The building and homeowning surge in Washington theater will continue Friday as the edgy and acclaimed Woolly Mammoth Theatre Company announces the purchase of the 265-seat facility that it has occupied since 2005.
Woolly already enjoyed a $1 annual lease through 2031 for the theater, at 641 D St. NW, which is nestled inside a large apartment complex in the Penn Quarter neighborhood. The company supervised the design of the space and raised $9 million to build its stage, rehearsal spaces and offices.
Last summer, the building’s owners, JPI Apartment Development, approached Woolly with an offer to sell. At the seller’s request, the terms of the deal have not been made public, but Managing Director Jeffrey Herrmann said: “It’s an insanely generous price. People wouldn’t believe me if I told them what it was.”
Documents filed May 2 with the D.C. Recorder of Deeds put the price at “Ten and No/100 Dollars and other valuable consideration”; Herrmann said the “other consideration” is more money. Another document regarding the sale indicates that Woolly has access to up to $268,000 in credit.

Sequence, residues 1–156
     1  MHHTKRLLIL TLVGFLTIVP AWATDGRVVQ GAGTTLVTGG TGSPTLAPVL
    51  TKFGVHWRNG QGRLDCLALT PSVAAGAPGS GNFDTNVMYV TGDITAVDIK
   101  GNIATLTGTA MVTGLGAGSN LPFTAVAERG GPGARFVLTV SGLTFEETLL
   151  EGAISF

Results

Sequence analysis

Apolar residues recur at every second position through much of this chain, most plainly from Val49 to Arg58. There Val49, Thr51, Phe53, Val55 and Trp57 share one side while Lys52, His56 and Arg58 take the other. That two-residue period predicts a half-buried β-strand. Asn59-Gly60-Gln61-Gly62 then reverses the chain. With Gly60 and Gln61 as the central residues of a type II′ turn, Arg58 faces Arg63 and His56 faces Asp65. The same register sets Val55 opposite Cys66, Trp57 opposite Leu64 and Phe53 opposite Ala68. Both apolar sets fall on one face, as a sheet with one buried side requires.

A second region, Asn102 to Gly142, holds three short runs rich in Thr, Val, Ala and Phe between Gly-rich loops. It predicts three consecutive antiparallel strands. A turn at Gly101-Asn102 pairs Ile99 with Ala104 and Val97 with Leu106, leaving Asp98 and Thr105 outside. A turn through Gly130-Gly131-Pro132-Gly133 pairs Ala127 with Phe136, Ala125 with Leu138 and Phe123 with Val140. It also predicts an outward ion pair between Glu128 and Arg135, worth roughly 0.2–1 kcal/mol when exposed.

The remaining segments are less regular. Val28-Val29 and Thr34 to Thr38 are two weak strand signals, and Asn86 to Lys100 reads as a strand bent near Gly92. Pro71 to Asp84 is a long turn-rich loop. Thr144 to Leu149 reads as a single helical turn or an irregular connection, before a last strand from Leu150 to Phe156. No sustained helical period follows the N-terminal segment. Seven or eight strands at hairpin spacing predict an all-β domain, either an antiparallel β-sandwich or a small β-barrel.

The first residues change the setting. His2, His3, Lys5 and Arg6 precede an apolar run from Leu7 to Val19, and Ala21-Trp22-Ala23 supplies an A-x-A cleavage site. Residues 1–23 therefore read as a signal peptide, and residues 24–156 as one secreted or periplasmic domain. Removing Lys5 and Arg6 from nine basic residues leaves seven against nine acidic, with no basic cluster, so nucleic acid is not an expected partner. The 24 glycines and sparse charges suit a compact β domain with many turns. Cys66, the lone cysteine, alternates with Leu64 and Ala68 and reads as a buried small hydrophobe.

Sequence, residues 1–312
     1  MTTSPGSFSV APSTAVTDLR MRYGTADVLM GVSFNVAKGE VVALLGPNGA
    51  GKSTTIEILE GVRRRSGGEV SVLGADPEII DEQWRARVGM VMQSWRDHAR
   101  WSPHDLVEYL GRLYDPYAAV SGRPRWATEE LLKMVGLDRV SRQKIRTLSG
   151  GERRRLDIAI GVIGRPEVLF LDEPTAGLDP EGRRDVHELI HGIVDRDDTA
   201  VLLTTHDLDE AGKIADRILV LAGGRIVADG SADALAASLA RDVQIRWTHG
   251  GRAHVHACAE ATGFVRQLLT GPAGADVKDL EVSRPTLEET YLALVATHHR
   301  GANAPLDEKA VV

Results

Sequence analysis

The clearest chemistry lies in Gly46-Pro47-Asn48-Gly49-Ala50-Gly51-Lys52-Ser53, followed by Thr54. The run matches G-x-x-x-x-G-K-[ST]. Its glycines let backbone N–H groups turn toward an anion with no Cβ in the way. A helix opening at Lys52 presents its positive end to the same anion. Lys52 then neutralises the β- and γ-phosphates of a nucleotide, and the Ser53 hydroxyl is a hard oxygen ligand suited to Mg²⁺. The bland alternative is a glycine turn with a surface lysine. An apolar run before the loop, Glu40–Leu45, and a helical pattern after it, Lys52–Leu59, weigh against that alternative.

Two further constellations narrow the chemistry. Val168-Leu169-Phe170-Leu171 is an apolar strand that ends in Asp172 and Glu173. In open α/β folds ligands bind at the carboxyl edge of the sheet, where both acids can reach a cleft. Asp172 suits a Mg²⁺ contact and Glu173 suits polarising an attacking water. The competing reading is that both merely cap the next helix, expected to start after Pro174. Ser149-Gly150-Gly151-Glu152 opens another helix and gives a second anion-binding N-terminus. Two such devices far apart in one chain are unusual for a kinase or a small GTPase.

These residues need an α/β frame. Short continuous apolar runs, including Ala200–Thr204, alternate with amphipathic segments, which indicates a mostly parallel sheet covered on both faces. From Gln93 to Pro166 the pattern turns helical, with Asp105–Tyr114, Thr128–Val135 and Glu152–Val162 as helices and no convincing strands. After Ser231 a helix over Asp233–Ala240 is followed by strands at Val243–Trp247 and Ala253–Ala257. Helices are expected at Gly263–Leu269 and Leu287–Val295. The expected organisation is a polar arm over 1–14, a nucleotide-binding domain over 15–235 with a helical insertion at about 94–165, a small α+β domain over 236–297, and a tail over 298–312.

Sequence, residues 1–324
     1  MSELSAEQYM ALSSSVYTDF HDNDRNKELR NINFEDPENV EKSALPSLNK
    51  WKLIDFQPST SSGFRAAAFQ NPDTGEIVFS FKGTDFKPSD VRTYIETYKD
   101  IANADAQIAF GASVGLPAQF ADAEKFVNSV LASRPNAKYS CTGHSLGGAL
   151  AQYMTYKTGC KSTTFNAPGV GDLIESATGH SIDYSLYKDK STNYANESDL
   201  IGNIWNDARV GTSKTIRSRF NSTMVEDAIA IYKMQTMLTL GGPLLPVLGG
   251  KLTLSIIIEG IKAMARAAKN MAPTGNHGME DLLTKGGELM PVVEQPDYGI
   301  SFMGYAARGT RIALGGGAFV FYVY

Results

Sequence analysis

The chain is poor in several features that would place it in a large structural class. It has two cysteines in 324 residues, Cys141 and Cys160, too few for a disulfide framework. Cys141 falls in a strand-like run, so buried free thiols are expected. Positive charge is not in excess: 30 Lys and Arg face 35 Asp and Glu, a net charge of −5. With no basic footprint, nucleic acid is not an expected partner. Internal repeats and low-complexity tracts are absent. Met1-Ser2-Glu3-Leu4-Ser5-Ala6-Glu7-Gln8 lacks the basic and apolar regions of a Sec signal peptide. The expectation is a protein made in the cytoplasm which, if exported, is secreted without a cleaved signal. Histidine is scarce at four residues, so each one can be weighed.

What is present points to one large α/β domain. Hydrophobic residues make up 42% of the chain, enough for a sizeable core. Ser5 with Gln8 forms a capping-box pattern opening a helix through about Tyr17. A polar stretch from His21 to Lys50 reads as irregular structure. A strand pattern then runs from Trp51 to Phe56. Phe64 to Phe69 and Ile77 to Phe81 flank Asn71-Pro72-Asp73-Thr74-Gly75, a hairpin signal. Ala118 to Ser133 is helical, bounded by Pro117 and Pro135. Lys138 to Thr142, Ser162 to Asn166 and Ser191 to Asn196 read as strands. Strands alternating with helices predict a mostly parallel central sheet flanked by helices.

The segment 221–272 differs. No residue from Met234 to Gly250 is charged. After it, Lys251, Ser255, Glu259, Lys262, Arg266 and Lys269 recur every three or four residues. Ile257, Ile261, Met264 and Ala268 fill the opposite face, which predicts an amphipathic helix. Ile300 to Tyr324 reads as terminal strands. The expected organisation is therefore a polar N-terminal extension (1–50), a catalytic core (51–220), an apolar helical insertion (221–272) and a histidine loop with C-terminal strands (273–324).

The spectacular expansion of Washington theater facilities in the past decade has often been accompanied by sharply increased operating costs and construction debt.
Arena Stage, the Shakespeare Theatre Company and Signature Theatre are among the troupes that have labored to make ends meet after projects that ran into the tens of millions of dollars, but Woolly may be poised to avoid growing pains.
Herrmann said that the $9 million for the original construction was raised before the company opened the doors in 2005 and that Woolly is currently seeking municipal grants and foundation support for the theater purchase.
Woolly Mammoth, known for its aggressive acting and brazen new plays — its current offering is an update of Anton Chekhov’s “The Seagull,” reworked as “Stupid F---ing Bird” — has been performing since 1980. The company forged its reputation in a 114-seat hole-in-the-wall off 14th Street NW, then was rootless for four years as its current theater was being built. Since settling into the D Street venue, Woolly’s full-time staff has grown from 13 to 24, and its budget has more than doubled, from nearly $2 million to $4 million.
The nonprofit group’s fundraising “has grown hugely,” Herrmann said. “That’s the story of what’s powered our rise.”
He added: “We are super excited to know we control our own destiny now.”